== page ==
According to wikipedia, conditional statements are 'features of a programming language which perform different computations or actions depending on whether a programmer-specified boolean condition evaluates to true or false.' We've already seen an example of a conditional statement in the 'for' loop: the middle parameter of a 'for' loop is always a condition that evaluates to true or false. Values that are always either true or false are very useful in programming and are known as booleans.



You can use conditional statements and booleans for all kinds of purposes in your code, and it's unlikely you'll write any code this semester that doesn't include at least one conditional statement.



One use for a conditional statement is to highlight objects that meet some criterion that you set. For example, we may want to highlight those circles whose ID number is divisible evenly by 3; we can do this with a slight modification of our makeCircle function.

void draw() {
  fill(150,15); //this creates a semi-transparent fill for each circle
  for (diam=10;diam<=width;diam+=10) {
    if ((diam%50) == 0) {
        myGreyscale = 200;
      } else {
        myGreyscale = 250;
      }
    println ("myGreyscale is "+myGreyscale);
    makeCircle(diam, myGreyscale, myXPosition, myYPosition);
  }
}

We've just added two lines of code; a conditional statement that checks whether this ID is evenly divisible by 3. We do this check using a built-in function called modulo which is represented with a '%': this is the remainder when two numbers are divided. This turns out to be a useful function for identifying patterns within a loop.



Using more functions you could also highlight circles based on whether it is odd or even, or whether it is a prime number.



Here's the full code:

/*
November 2014
 CD 1
 Mark Meagher and Adam Park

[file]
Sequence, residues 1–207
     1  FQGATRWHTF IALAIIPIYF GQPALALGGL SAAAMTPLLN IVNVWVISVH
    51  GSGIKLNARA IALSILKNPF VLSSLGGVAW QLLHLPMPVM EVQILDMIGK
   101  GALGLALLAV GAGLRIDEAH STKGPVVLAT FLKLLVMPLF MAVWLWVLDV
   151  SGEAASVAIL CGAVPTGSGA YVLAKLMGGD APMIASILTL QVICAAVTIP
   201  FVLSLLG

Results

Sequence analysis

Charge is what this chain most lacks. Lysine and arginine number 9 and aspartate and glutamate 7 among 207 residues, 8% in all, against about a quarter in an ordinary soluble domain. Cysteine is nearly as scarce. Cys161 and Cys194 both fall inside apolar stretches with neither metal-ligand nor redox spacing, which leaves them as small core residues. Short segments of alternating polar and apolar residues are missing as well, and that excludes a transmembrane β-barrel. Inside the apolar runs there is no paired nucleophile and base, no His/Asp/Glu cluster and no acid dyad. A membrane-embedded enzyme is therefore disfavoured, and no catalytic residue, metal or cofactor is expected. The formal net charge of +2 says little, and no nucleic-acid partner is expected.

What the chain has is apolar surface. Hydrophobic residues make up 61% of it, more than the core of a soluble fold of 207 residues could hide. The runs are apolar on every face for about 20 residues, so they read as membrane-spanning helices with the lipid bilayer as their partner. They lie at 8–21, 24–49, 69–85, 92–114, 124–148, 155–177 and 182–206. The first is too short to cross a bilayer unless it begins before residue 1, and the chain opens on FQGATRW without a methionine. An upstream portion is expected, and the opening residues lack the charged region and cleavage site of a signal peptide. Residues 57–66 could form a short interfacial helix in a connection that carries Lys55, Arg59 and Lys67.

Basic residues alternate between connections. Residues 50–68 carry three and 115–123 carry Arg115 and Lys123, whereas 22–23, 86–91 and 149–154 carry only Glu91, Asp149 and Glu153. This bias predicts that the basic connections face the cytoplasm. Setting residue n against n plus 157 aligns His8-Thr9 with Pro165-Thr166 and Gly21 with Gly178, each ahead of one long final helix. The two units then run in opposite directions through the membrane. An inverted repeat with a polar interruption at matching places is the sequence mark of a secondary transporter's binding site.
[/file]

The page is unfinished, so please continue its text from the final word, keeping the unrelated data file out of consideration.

makeCircle function
 */

int myXPosition; //X position of the circle
int myYPosition; //Y position of the circle
int myGreyscale = 200; //color of the circle
int diam;

void setup() {
  size(400, 400, P2D);
  background(240);
  frameRate(24);
  smooth();
  myXPosition = width/2;
  myYPosition = height/2;
//  stroke(0);
  strokeWeight(1);
  noFill();
  print("X-position is "+myXPosition);
}

/*
Function makeCircle
 parameters: circle radius, circle color, x-position, y-position
 purpose: creates a circle with the desired parameters
 */
void makeCircle(int myRadius, int myColor, int myX, int myY) {
  stroke (myColor);
  ellipse(myX, myY, myRadius, myRadius);
}

void draw() {
  fill(150,15); //this creates a semi-transparent fill for each circle
  for (diam=10;diam<=width;diam+=10) {
    if ((diam%50) == 0) {
        myGreyscale = 200;
      } else {
        myGreyscale = 250;
      }
      println ("myGreyscale is "+myGreyscale);
    makeCircle(diam, myGreyscale, myXPosition, myYPosition);
  }
}

Exercises:



1- Expand the Processing window and create a concentric set of 100 or more circles. How many circles can you draw before there's a noticeable lag in performance?



2- Create a row of 100 or more circles, highlighting only those circles whose ID is a prime number (you can use the function here to check for primes). How many circles can you draw now before there's a noticeable lag in performance?